I am pleased to have the opportunity to return to Asia this week on a trade mission along with ten California companies looking to establish stronger relationships in the region. One of our first stops was the California-China Office of Trade and Investment in Shanghai, which was opened in April of this year by Governor Brown. It is a valuable resource for California businesses as a venue for meetings, temporary office space, and an opportunity to connect with staff members who are eager to assist California companies interested in doing business in China, which is California’s third largest export market for agricultural products, with over $1.7 billion in shipments in 2012.
During our briefing this week with the Foreign Agricultural Service Agricultural Trade Office (ATO) of the United States Department of Agriculture, we learned that China is still a fast-growing market for food, beverage and agricultural commodities. We heard from two importer/distribution companies with over twenty years of experience importing products to China. Both firms, Goodwell China and the Nanpu Group, have impressive infrastructures to reach beyond first-tier cities in China’s coastal areas (Hong Kong, Shanghai) to service second-tier cities throughout the country’s vast interior.
When I last visited China in the spring, our delegation learned how significant on-line shopping has become for the food and beverage industry, and that was underscored during our briefing with the ATO. A major company in this realm is Yihaodian, the number one on-line provider in the food and beverage category. The company started in 2008 and has seen remarkable growth fueled by its creativity and the demographics of its middle-income users. As the ATO staff briefing us explained, the company’s users represent “bigger buying power looking for better life.” The company is focused on apps for mobile users, which is important for connecting with hundreds of millions of consumers throughout China.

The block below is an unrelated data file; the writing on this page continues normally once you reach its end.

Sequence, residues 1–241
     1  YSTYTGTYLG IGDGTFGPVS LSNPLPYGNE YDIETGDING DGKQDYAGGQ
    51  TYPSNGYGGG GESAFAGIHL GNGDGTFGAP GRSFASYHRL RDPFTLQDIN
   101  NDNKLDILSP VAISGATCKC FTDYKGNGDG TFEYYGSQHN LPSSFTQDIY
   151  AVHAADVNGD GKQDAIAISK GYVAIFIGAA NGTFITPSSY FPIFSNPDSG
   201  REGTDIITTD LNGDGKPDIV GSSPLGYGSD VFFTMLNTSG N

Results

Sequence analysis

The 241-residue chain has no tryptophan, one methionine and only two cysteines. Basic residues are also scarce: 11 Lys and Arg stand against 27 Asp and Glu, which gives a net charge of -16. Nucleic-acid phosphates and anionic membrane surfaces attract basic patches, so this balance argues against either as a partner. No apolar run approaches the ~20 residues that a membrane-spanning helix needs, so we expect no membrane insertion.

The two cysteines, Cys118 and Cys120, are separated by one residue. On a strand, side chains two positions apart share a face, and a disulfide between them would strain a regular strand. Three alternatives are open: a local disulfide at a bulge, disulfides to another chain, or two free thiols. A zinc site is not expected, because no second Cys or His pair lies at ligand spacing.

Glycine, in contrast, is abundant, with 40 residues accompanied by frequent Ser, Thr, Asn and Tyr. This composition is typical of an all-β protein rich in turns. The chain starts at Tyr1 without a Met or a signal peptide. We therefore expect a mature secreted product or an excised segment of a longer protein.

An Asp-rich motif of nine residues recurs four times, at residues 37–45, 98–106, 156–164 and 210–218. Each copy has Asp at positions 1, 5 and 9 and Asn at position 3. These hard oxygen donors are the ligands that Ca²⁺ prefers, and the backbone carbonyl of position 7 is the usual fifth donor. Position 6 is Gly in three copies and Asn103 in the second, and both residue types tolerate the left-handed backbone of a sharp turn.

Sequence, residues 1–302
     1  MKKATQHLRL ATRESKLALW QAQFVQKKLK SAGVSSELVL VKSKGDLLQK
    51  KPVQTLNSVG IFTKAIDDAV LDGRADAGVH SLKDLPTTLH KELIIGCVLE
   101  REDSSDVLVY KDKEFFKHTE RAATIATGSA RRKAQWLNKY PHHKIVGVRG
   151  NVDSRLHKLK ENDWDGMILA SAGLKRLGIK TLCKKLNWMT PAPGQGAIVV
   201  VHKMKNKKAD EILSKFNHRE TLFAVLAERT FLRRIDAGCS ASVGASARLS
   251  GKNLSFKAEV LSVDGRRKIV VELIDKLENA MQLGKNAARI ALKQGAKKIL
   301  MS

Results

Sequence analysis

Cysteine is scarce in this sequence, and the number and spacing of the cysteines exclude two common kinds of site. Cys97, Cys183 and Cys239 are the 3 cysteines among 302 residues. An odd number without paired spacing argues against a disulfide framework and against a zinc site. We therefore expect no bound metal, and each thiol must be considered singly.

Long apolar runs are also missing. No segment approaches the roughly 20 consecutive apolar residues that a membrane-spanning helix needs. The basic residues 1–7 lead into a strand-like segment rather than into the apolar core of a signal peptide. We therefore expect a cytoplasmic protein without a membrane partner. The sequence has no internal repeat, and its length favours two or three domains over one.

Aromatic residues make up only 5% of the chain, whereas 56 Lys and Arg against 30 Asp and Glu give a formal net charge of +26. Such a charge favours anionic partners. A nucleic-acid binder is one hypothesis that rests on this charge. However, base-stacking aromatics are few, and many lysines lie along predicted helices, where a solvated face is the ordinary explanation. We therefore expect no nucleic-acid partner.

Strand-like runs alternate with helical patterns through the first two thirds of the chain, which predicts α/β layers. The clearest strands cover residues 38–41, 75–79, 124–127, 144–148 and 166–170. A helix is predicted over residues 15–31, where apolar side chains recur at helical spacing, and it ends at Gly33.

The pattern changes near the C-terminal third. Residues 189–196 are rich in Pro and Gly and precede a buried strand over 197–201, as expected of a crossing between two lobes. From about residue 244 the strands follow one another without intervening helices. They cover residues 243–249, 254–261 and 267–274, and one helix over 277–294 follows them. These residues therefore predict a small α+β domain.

On this visit I also had the opportunity to meet with Director Sun Lei with the Shanghai Municipal Agriculture Commission. The region has 1.5 million farmers with an average farm size of about one hectare. Mr. Sun expressed concern about the pressure on farmland to be more productive, to minimize the environmental footprint of farming, and to improve food safety practices. The commission is also focused on the challenge of attracting new and younger people to farming. We enjoyed a lively discussion about the importance of cooperation and collaboration on these kinds of issues, which are key to the future of all people, regardless of where they reside on our planet.
Economics – the search for new markets – is the primary objective of this and all agricultural trade missions that CDFA sponsors with our partner, the California Center for International Trade Development in Fresno. However, the connections we make with the Chinese people and the government leaders remind me of our shared aspirations for a better world and the vital role agriculture plays to improve the quality of life of our citizens.
Secretary Ross is in Asia as part of trade mission organized by the Fresno Center for International Trade Development and supported through a grant by the U.S. Small Business Administration.